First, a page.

UN Slams Australia Over Asylum Seekers

UN Slams Australia Over Asylum Seekers
UN Slams Australia Over Asylum Seekers

Australia has been accused of a "chain of human rights violations" in its treatment of asylum seekers by the incoming United Nations High Commissioner for Human Rights, Prince Zeid Ra'ad Al-Hussein.

In his maiden address to the UN Human Rights Council, the Jordanian prince has also challenged plans to resettle those found to be refugees in "countries that are not adequately equipped".

In a copy of the address, to be delivered early on Tuesday morning, AEST, Prince Zeid castigates Australia over the policy of offshore processing of asylum seekers and the interception and turning back of vessels at sea, Sydney Morning Herald wrote.

He says the policy has led to human rights violations including "arbitrary detention and possible torture following return to home countries".

A career diplomat, Prince Zeid took over the role from Navi Pillay of South Africa last month. His rebuke of Australia comes in a speech that begins by addressing escalating human rights violations in Syria and Iraq.

When he turns his attention to asylum seekers, Prince Zeid also expresses alarm at reports of children being detained in the United States and in Cyprus.

"Human rights are not reserved for citizens only, or for people with visas," he declares in the speech, obtained by Fairfax Media. "They are the inalienable rights of every individual, regardless of his or her location and migration status.

"A tendency to promote law enforcement and security paradigms at the expense of human rights frameworks dehumanises irregular migrants, enabling a climate of violence against them and further depriving them of the full protection of the law."

Prince Zeid also addresses the situation in Sri Lanka, urging officials to co-operate with an inquiry by the Office of the High Commissioner for Human Rights.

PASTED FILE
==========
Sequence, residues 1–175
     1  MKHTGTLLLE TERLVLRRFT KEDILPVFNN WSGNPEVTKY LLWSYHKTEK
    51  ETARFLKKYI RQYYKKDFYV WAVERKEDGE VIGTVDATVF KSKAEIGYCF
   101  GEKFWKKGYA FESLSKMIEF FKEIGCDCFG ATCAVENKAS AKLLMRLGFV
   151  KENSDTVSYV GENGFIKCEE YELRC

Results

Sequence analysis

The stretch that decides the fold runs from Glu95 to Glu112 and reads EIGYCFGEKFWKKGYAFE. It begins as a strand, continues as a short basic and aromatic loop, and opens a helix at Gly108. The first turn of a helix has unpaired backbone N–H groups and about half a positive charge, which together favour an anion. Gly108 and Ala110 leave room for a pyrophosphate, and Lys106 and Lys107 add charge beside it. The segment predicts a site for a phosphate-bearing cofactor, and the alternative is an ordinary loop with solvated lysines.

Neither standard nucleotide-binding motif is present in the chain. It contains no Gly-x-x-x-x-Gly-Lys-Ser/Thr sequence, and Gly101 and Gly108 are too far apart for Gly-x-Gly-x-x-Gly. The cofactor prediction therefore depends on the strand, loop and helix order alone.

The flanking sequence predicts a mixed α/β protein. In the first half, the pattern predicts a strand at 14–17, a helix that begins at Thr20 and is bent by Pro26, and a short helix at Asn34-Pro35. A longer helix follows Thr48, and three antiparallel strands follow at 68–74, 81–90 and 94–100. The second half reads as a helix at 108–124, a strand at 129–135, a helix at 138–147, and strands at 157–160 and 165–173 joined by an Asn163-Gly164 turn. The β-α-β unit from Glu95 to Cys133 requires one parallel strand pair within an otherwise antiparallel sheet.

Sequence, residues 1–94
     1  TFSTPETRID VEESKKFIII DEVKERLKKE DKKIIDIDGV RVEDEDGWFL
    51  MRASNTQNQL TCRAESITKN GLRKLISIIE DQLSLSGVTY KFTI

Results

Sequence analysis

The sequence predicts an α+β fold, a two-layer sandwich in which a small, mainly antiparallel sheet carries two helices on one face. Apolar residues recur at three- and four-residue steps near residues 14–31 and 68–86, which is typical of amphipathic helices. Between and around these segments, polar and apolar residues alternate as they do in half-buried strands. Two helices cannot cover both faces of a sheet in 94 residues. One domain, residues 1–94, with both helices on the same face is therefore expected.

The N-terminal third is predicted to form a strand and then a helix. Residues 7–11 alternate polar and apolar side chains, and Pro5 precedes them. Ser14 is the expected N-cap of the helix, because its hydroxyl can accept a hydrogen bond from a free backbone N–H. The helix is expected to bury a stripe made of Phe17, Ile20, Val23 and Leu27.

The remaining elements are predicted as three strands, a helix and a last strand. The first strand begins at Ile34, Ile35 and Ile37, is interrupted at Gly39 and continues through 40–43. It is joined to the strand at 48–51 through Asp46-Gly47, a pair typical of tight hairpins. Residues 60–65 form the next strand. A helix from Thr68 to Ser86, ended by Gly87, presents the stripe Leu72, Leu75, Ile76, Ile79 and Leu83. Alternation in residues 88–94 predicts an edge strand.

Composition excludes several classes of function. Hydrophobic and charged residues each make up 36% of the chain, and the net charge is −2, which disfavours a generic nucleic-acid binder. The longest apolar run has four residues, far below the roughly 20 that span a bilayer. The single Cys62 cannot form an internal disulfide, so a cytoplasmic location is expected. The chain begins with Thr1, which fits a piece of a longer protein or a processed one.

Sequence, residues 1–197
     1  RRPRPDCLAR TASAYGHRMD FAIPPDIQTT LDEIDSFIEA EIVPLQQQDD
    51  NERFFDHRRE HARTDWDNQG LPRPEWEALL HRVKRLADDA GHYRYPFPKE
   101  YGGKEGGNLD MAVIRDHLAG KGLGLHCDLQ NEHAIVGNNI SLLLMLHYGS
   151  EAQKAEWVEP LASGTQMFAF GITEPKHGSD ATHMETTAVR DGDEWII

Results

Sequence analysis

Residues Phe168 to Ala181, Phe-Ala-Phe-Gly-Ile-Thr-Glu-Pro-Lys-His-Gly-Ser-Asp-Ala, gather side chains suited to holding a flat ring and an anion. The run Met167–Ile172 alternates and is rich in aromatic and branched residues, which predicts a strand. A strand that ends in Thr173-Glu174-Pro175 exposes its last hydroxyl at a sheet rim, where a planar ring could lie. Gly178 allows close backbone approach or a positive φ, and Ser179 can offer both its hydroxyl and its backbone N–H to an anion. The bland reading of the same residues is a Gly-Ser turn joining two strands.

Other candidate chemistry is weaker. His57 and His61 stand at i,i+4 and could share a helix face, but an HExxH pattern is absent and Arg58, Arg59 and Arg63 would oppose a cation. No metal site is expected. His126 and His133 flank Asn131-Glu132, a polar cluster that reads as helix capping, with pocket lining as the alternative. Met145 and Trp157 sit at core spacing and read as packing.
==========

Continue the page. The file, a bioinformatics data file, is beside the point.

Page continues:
"I am alarmed at threats currently being leveled against the human rights community in Sri Lanka, as well as prospective victims and witnesses," he says. "I also deplore recent incitement and violence against the country's Muslim and Christian minorities."

Australia's Human Rights Law Centre seized on the address, saying it is "embarrassing". Australia's inhumane policies were listed in the speech alongside global human rights challenges like the humanitarian crises in Syria, Iraq and the Ukraine and the spread of Ebola in West Africa.

"In his very first speech to the United Nations, addressing the most serious human rights issues in the world right now, the new High Commissioner devoted an entire paragraph to condemning Australia's treatment of asylum seekers," said the centre's director of legal advocacy, Daniel Webb.

Webb said the speech demonstrated the seriousness with which Australia's "flagrant breaches of international law" were regarded on the world stage.

He said the policies of the current and the former government had clearly damaged Australia's international reputation – at a time when there are more displaced people in the world than since the end of the Second World War.